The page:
Future Wolverines square off in Pioneer playoff loss and more notes
Joe Tobianski | AnnArbor.com
NOVI -- Pioneer High School football fans who are also University of Michigan fans got a glimpse of the Wolverines' future in Saturday's Division 1 state quarterfinal at Detroit Catholic Central High School.
Catholic Central's Matthew Godin, a 6-5, 270-pound defensive tackle who has committed to Michigan, was part of the defense that held Pioneer running back Drake Johnson to 43 yards rushing in a 21-0 win.
Johnson, who came within less than 100 yards of setting a state record for rushing yards in a season, committed to Michigan this week.
"I got it, and it was back to practice the next day," Johnson said, asserting the distraction of his decision had nothing to do with his struggles. "It's something I can look forward to now (that the season's over)."
In a few months, Godin and Johnson will be teammates, but they were adversaries on Saturday with Godin's defense getting the better of Johnson and the Pioneer offense. It was the first game Johnson has been held under 100 yards and out of the end zone all season.
"That was our goal, to keep him under 100 yards, and we kept him under 50 yards, so we’re really proud of it," Godin said.
Wyatt Shallman, a 6-3, 260-pound junior defensive end has Michigan among his finalists. He didn't play due to a hamstring injury sustained against Birmingham Brother Rice a few weeks ago, but said the injuries have healed to the point where he thinks he can play next weekend in the state semifinals.
"They had a pretty big challenge in Drake Johnson and they handled it greatly," Shallman said of his defense.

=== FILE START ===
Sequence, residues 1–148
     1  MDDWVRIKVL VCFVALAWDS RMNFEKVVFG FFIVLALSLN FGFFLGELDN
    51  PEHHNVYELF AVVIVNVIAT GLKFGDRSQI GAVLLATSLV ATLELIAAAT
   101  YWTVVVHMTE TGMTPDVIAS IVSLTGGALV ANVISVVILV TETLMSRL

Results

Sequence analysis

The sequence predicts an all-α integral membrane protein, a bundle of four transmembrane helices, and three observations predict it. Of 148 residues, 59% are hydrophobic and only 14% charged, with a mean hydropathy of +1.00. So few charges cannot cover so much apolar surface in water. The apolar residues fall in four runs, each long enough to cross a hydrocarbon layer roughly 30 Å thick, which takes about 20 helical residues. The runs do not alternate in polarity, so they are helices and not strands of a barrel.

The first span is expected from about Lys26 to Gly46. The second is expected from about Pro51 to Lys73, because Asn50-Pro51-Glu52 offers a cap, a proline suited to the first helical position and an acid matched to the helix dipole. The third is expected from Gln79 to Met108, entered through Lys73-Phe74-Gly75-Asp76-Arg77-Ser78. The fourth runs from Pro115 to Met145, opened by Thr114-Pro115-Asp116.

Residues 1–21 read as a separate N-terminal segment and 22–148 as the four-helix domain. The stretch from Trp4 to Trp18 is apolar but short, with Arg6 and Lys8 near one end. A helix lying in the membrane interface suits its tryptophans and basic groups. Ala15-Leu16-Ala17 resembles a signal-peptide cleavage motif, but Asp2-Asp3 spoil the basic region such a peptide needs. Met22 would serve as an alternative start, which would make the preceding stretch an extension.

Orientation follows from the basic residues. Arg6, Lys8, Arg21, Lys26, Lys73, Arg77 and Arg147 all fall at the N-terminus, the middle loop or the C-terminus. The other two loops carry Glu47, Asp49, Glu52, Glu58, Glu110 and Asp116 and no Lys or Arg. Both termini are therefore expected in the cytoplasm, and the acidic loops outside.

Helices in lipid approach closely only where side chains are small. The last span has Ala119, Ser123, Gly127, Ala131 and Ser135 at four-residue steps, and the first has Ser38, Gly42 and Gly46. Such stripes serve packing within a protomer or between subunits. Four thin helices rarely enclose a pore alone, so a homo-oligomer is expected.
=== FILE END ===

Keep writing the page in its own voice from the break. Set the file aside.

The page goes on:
It's rare that Johnson gains more yards punting than rushing. It's even rarer that he gains more yards on one punt than he does rushing for the entire game
But a 61-yard first-quarter punt downed at the Catholic Central 4-yard line accomplished that. CC's returner let it hit at the 20 and could only watch as it took a Pioneer bounce.
Johnson said he thinks it's the longest punt of his career. He also returned a first-half kickoff 40 yards to the Pioneer 44.
In the first half, facing third-and-11 from its own 5-yard-line, Pioneer coach Paul Test had Johnson take a direct snap in a shotgun formation.
Not for a "Wildcat" play, but to punt. Yes, on third down.
"It was just a quick kick because we were inside our own five and trying to create some field position," said Test. "Punting it out of there before they were ready for a punt."
If the point of the play was the element of surprise, it accomplished that.
"We were surprised," said Catholic Central coach Tom Mach. "We weren’t expecting that."
The play was also fodder for the rowdy Catholic Central student section, which chanted "punt" every time a third down arose.
Run, run, run
Catholic Central passed the ball eight times on Saturday, which Mach considered "airing it out." Mach made no mystery of why his team keeps the ball on the ground.
"There’s no use trying fool too many people at this point in time," Mach said. "Until somebody makes us change it, then we’ll keep on doing it."
Pioneer was shut out for the first time since a season-opening 35-0 loss to Canton in 2006, a streak of 61 games.
Pete Cunningham contributed to this report.
Jason Idalski covers sports for AnnArbor.com. He can be reached at firstname.lastname@example.org.